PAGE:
Peters noted, “In my own experience, in the past, we always found that balance of not crossing the line of telling staff what to do. But I think having the ability as a committee chair to be able to walk in and sit down with the director of engineering or the director of planning, I think that helped.
“From a councillor’s perspective, and particularly as mayor, my response to a constituent would be, ‘Have you had the opportunity to speak to Ald. Campbell about this? Have you spoken to Ald. Turvey, that’s her committee?’ It gave me the ability to know a committee chair would look after the issue for me and for all of us.”
Looking beyond the committee structure to the role of a city manager, Peters observed “Ultimately it raises a question about the mayor. I can only know how I operated. That’s why I look forward to seeing how things are today.
“In many ways it is the role of the mayor to lead us as a council, to lead administration and the staff. I’m not opposed to a city manager, we need a city manager’s position. You need someone who is ultimately responsible and the buck stops with that person.
“You need that head of the civil service, so to speak. And it is building on that relationship between the mayor and the administrator, staff and council.”
One structural change Peters approves of is the additional member of council this time around.
“Increasing it to eight perhaps allows us to become a little more focussed on some of the broader issues in the community by being able to spread the workload around a little bit more.”
Like a youngster eager to dive into the gifts under the Christmas tree, Peters admitted he is “excited and looking forward to working with my colleagues.”
He closes the discussion on a cautionary note, however.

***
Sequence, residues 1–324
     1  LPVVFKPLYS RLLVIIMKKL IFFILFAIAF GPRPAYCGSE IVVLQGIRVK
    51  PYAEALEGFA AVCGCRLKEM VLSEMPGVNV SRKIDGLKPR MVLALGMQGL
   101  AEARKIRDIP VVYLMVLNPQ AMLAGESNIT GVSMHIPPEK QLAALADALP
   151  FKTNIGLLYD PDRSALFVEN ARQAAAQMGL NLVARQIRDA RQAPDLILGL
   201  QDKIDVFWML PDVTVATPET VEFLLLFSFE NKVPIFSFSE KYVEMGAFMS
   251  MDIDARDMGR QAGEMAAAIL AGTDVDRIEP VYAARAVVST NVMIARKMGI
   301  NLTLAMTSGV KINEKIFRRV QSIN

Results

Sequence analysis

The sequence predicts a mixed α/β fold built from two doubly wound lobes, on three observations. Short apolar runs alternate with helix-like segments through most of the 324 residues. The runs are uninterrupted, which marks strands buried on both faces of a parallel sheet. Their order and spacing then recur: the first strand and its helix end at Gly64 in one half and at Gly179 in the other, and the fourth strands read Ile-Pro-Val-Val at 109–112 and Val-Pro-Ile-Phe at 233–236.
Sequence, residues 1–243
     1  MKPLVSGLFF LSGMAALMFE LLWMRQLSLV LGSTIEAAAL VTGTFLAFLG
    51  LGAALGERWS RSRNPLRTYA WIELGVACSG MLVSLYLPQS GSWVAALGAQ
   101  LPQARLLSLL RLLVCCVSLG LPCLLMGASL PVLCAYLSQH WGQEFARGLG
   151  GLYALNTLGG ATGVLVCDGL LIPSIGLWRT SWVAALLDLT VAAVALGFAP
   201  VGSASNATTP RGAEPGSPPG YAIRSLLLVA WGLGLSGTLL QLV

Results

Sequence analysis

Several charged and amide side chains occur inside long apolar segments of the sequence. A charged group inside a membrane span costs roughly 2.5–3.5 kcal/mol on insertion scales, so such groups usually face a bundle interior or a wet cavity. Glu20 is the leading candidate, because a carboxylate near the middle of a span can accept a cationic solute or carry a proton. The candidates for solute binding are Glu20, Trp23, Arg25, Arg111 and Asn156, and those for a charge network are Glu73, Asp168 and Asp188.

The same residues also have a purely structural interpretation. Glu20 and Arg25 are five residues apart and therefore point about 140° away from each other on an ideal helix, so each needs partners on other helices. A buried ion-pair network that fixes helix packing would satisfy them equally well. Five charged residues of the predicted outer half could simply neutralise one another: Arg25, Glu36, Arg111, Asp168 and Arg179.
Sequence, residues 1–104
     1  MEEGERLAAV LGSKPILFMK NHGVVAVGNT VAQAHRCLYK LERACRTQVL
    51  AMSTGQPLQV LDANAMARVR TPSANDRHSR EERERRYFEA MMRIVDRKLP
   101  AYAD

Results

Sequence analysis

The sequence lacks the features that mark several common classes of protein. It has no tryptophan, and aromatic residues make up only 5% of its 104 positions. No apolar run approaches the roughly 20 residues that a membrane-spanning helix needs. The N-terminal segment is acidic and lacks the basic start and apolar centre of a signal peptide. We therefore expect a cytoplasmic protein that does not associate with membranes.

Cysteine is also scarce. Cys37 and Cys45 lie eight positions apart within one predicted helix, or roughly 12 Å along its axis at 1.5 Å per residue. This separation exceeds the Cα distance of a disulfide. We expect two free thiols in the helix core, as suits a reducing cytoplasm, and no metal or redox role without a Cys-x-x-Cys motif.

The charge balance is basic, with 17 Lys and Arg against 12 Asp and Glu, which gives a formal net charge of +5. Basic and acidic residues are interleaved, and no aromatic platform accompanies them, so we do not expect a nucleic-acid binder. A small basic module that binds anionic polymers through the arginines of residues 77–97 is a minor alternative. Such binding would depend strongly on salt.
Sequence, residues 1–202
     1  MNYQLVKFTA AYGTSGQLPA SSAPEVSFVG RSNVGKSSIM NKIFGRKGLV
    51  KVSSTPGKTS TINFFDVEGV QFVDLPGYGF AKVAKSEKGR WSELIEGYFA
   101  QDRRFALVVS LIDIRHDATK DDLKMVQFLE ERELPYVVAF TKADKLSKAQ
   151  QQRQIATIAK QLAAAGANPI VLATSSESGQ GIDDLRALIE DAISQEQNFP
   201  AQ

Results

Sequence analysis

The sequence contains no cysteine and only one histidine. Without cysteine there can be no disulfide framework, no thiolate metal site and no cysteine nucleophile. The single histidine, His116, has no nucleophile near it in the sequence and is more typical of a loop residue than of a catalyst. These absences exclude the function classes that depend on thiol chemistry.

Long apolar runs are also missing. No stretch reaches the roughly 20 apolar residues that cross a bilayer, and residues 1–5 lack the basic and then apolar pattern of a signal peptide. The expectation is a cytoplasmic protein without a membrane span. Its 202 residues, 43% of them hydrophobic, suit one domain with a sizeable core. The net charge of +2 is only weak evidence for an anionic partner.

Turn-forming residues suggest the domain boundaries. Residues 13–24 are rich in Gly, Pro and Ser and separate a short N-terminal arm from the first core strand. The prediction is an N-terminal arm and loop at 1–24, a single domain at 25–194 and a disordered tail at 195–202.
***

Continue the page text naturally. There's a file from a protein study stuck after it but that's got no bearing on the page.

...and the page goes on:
“I’ll be fighting to make sure we are not becoming a platform for any one particular party of any stripe at the local level. That’s always been a big one for me. I can tell you my black-and-white signs appealed to a lot of people.”
It’s all right there in the numbers.
For Steve Peters, his focus is on city hall, once again
A CHANCE TO GREEN THE DOWNTOWN?
One of the early tasks for the incoming council will be to reach a consensus on what becomes of the Colin McGregor Justice Building, now being demolished.
Back in May, council awarded the contract to Schouten Excavating, the lowest bidder at $319,000, excluding HST. Compare that to the $197,000 winning tender to level the Sutherland Press building, also undertaken by the Watford, Ontario firm.
Speaking with city manager Wendell Graves, he advised “The property will be left level. What we will need to do is give the new council the opportunity to review things and pick up where we left off with concepts and how that translates into something physically happening there.”
It was the responsibility of this council “to get the building out of there,” continued Graves.
“We will be discussing that (future plan for the property) during the (2019) capital budget process, in terms of what that will look and feel like.”
Part of that equation could include the municipal parking lot across the street adjacent to the London & Port Stanley Railway corridor.
“It was part of the conversation,” confirmed Graves. “We have done a couple of environmental samples there and nothing surprising came up. We will be talking about that and see how the two pieces fit together.”
At a reference committee meeting in December of last year, Graves presented a preliminary concept that would feature plenty of green space, including what he described as a private reading garden next to the public library with access through the building.
In 2016, city staff drafted a conceptual plan for such a development that would link city hall, the public library, and the rail corridor.
And a 2015 retail market study undertaken by Dillon Consulting and W. Scott Morgan & Associates presented to council in April of 2017 urged the city to develop the former police headquarters property for “community use including active and passive recreational uses.”